Most of the attention among New York Jets fans this offseason has gone towards the outside free agents the team should be targeting, and there’s absolutely nothing wrong with that considering the porous roster they currently have. However, there are a few key pieces from 2017 that are set to hit the market as well. With the extreme amounts of dough Mike Maccagnan and the regime in Florham Park are set to have, they have the wiggle room to play smart in negotiations with their in-house talent. Here are the three they should focus on bringing back:
It’s been well publicized that no Jet made the Pro Bowl this year. If there was one that was absolutely deserving of a spot, it was Demario Davis.
Davis’ 2017 season was a remarkable story of not only a career renaissance, but an in-season one as well. Many saw his arrival in return for Calvin Pryor as a wash. Davis was inconsistent at best during his time as a starter with the team, and hopes weren’t high for him.
When the Jets started 0-2, they were gashed on the ground by the Bills and Raiders, and Davis was a big part of the problem there. He looked much like the player Jets fans remembered, and the doubters seemed right.
After that, Davis flipped the switch and started playing like a Pro Bowler. He showcased consistent discipline and smarts that allowed him to flourish. Davis finished the year with 15 quarterback hits (most among ILBs), 135 tackles, and 5 sacks while grading as PFF’s 8th-best linebacker.
On the down side, he is getting up there at 29 and is coming off a career year. Can he sustain it? That’s the question. You also have to consider he’s an emotional leader for the team and the definition of a proven locker-room leader. In addition, letting him go creates a hole alongside the slowly progressing, but still highly inconsistent Darron Lee. Are the Jets going to find someone better than Davis to fill his role?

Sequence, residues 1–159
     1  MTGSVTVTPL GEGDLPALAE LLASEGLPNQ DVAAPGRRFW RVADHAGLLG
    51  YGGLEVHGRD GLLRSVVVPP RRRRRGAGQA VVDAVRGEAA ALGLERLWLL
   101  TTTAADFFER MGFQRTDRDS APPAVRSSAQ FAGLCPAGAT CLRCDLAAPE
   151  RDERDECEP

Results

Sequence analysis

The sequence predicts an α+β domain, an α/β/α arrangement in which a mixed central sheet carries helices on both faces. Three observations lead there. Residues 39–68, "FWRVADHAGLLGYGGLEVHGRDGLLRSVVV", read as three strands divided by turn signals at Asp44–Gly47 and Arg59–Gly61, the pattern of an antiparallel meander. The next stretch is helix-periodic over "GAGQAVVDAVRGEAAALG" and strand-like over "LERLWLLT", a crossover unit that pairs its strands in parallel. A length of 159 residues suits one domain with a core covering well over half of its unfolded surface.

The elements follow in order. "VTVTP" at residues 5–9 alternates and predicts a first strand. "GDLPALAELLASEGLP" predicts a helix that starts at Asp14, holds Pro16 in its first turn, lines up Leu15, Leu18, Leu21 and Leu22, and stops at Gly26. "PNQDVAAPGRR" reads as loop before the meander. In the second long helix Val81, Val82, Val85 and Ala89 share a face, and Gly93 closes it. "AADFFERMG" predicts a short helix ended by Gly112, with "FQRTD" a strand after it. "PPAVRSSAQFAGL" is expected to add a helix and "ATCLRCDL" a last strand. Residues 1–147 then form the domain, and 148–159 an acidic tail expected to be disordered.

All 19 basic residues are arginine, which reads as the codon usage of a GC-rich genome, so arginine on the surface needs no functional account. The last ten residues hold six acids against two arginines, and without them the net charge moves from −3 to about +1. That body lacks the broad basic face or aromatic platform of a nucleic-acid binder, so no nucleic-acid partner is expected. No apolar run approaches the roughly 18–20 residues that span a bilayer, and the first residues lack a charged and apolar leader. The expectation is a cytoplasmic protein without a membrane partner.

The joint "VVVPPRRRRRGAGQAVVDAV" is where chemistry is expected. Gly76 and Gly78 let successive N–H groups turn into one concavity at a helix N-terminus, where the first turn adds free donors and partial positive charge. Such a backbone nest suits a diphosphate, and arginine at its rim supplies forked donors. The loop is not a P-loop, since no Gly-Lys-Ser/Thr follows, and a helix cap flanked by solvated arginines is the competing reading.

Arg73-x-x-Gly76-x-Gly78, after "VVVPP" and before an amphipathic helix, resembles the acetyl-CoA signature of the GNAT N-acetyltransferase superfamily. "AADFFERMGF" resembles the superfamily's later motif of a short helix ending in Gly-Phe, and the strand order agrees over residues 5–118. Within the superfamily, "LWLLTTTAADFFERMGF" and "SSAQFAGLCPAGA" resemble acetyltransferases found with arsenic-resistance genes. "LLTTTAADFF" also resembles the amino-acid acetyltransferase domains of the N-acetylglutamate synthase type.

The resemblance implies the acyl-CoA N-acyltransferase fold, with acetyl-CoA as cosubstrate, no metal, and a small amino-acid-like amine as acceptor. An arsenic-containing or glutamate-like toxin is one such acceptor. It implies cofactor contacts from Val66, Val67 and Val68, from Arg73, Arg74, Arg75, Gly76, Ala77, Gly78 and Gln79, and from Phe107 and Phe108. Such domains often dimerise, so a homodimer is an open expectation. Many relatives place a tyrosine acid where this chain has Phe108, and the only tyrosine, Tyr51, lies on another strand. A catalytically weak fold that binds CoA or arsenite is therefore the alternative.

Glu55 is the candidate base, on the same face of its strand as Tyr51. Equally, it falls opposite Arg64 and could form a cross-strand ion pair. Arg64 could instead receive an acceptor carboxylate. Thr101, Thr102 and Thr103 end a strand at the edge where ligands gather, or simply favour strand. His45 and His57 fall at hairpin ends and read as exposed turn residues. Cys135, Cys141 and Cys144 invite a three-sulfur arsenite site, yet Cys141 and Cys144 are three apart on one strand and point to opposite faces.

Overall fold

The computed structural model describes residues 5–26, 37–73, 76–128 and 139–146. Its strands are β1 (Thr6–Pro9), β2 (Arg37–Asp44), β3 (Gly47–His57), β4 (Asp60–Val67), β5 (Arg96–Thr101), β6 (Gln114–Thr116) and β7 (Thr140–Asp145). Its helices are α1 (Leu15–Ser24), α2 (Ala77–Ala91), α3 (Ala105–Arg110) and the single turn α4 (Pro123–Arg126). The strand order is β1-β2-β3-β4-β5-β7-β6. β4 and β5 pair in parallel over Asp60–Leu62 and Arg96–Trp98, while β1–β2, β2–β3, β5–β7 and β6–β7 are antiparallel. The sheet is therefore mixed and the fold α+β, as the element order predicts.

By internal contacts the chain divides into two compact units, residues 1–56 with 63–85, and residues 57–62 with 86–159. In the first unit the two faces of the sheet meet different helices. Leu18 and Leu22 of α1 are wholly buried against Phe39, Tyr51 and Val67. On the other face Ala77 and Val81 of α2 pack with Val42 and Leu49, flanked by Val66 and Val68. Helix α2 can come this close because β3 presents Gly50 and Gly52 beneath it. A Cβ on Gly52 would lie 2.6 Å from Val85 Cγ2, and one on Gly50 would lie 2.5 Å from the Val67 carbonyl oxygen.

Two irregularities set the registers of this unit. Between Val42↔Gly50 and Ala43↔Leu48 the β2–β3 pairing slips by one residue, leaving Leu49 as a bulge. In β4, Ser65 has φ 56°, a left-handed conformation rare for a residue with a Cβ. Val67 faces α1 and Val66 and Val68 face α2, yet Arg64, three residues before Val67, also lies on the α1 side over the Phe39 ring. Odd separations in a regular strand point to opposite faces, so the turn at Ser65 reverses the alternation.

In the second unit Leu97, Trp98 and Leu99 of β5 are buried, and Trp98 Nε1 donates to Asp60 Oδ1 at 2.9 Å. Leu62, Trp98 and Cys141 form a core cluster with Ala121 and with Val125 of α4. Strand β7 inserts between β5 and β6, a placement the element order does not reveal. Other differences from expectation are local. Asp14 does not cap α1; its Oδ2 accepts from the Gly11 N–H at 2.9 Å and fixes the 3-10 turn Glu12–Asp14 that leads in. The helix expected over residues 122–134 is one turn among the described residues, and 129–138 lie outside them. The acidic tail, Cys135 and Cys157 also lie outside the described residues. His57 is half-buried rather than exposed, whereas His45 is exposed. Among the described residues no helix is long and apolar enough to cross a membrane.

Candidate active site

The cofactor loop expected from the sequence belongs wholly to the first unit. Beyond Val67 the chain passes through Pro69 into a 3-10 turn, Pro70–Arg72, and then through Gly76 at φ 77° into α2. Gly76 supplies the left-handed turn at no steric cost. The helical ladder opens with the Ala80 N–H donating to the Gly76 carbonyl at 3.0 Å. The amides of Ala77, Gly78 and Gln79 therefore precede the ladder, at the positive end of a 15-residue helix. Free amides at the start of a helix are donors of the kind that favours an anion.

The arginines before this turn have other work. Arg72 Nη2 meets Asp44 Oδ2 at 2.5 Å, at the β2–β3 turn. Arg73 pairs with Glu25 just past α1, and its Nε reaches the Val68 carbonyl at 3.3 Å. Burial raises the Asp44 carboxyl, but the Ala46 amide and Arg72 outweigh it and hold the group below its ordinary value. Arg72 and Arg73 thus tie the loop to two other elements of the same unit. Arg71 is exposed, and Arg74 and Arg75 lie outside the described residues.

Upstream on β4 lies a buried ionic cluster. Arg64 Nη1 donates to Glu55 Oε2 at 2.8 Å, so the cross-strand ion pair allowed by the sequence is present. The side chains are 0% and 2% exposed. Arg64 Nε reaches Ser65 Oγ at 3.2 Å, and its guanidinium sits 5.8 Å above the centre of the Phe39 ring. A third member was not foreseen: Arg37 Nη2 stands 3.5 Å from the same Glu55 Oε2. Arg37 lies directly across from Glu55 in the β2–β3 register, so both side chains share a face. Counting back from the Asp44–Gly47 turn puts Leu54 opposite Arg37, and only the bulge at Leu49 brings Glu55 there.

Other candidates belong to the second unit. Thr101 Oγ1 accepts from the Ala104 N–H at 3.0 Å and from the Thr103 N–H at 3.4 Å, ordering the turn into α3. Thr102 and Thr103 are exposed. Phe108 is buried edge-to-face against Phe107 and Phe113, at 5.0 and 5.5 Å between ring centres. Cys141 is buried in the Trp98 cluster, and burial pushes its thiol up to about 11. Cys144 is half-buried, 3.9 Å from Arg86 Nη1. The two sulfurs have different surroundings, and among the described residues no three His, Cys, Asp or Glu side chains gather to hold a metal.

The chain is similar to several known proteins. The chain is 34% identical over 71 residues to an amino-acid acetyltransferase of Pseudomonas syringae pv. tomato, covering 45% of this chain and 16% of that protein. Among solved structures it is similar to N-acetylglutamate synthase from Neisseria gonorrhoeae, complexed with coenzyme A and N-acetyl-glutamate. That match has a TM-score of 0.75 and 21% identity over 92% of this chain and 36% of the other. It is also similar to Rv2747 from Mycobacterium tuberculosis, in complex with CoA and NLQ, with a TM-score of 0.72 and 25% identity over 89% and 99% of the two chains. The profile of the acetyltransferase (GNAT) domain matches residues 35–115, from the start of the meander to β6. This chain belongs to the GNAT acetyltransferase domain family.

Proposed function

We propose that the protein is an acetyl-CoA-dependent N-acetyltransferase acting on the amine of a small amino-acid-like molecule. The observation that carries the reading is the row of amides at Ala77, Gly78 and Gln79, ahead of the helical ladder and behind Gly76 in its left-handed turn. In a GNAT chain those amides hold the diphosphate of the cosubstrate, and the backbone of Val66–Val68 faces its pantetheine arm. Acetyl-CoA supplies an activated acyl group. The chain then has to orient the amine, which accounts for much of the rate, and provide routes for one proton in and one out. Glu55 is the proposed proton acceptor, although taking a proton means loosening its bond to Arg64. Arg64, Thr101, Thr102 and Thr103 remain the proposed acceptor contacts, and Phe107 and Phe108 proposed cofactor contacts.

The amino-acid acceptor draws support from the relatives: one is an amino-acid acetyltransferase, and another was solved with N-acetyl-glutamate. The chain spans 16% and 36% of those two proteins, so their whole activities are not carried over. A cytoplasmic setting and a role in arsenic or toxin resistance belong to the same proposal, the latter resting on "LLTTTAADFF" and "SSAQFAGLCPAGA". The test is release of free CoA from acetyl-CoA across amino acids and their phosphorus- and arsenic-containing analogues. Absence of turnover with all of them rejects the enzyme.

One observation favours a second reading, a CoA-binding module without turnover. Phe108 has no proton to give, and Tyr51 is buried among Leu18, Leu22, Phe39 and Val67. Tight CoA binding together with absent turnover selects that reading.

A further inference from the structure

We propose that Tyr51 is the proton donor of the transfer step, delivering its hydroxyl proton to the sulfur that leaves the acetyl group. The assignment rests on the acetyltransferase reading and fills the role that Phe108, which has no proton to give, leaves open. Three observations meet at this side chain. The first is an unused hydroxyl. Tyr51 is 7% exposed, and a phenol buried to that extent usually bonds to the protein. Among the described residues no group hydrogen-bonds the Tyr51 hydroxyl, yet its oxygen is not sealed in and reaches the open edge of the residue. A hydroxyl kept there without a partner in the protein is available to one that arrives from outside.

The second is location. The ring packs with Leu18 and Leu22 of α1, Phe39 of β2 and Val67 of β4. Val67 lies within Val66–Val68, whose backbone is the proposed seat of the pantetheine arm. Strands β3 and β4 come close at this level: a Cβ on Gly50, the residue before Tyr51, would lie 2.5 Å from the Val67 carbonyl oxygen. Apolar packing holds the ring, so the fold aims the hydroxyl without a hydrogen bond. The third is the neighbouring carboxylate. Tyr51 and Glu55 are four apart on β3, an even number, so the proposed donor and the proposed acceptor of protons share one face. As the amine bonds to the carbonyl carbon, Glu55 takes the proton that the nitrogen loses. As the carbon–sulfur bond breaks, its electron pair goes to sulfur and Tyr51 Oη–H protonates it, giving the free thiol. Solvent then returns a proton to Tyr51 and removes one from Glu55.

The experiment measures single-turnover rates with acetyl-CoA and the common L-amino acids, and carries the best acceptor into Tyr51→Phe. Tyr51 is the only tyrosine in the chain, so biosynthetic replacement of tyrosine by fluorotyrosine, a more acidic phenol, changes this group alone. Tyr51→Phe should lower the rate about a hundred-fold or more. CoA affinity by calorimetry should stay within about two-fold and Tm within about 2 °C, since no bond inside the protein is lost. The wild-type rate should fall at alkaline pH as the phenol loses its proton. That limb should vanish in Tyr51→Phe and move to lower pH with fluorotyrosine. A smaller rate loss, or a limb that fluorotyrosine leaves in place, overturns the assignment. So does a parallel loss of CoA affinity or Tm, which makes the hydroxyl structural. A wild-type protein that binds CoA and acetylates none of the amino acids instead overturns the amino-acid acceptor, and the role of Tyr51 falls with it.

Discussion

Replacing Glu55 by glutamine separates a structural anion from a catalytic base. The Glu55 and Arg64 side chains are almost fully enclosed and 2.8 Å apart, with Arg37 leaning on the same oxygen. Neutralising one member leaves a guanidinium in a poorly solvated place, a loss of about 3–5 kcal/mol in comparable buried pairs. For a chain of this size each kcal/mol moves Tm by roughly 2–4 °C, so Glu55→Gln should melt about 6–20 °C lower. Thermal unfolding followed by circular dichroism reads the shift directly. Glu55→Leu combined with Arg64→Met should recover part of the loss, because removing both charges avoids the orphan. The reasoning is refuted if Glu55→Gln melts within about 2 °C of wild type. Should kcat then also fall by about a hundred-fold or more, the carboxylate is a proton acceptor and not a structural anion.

Davis likely isn’t going to get another shot quite like this one to cash in. The Jets need to be smart not to overpay, but he is very important to what they’re doing on defense and they should prioritize him. Spotrac puts his market value at just over $5M per year. If they can get him at that price, I think that is very fair. Looking at how the league’s richest inside linebackers stack up, I’d say it would be fair to go up to around $6M per year, which would put him 8th at the position at the moment.
Perhaps we as Jets fans have been groomed to overreact every time a tight end actually does something with a football. That could be the case, but Seferian-Jenkins is another player who would be great to have back.
ASJ posted 50 receptions for 357 yards and 3 touchdowns in 13 games, a 27.5 yard per game average but an awfully low 7.1 yards per reception, lowest among the 45 tight ends with 30+ targets. This is the number that has many fans thinking Seferian-Jenkins isn’t all that great.